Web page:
The expedition considered the people living there to be healthy and handsome... They all appeared to be thriving on their 'meager diet' of fish and coconut, for no evidence of cultivation was seen... People of both sexes were tattooed with geometric designs and figures of turtles and fish. The numerous reports and journals of the Expedition leave the impression of a generally admirable people - amiable (though cautious), peaceful, orderly, and resourceful.
Between 1841 and 1863, the population of Tokelau was reduced to a fraction of its original size by epidemics and kidnapping by slave ships. The old social and religious order was broken, and the inhabitants were converted to Christianity by overzealous and competing Protestant and Catholic missionaries. During this time, Tokelauans also gained new food sources from other Polynesian islands, including breadfruit trees, pulaka (a starchy tuber), pigs and chickens. Breadfruit is a starchy fruit used like plantain.

Tokelau became a territory of New Zealand in 1925, and Tokelauans were granted New Zealand citizenship in 1948. In 1963, a government-assisted migration program was established to (voluntarily) bring Tokelauans to the New Zealand mainland, as the population of Tokelau had reached a cozy 1,870 people. When a cyclone devastated coconut and breadfruit crops in 1966, Tokelauans began taking advantage of the assisted migration program in earnest. By 1971, roughly half of Tokelauans lived on the New Zealand mainland.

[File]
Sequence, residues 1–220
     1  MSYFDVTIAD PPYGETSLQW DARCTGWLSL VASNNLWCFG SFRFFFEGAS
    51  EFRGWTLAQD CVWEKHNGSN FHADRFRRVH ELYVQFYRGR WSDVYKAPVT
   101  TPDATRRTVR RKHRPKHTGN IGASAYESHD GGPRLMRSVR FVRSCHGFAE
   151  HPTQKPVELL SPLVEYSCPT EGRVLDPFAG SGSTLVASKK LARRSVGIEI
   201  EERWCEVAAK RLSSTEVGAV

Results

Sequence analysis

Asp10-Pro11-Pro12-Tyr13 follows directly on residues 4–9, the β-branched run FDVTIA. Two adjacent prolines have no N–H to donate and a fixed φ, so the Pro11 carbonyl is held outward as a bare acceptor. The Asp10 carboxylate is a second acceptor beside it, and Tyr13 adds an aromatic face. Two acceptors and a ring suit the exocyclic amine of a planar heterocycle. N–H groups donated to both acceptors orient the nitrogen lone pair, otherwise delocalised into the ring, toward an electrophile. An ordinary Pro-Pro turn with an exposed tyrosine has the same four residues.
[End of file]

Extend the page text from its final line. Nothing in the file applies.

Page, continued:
There are two reasons why the Tokelau Island Migrant study is unique. First, it's one of the best-documented transitions from a traditional to a modern lifestyle, studied over decades on Tokelau and in New Zealand. Regular visits by physicians recorded the health of the population as it shifted from a relatively traditional diet to a more Western one. The second thing that makes this population unique is they traditionally have an extraordinarily high saturated fat intake from coconut. They derive between 54 and 62 percent of their calories from coconut, which is 87% saturated. This gives them perhaps the highest documented saturated fat intake in the world. This will be a test of the "diet-heart hypothesis", the idea that dietary fat, cholesterol and especially saturated fat contribute to cardiovascular disease!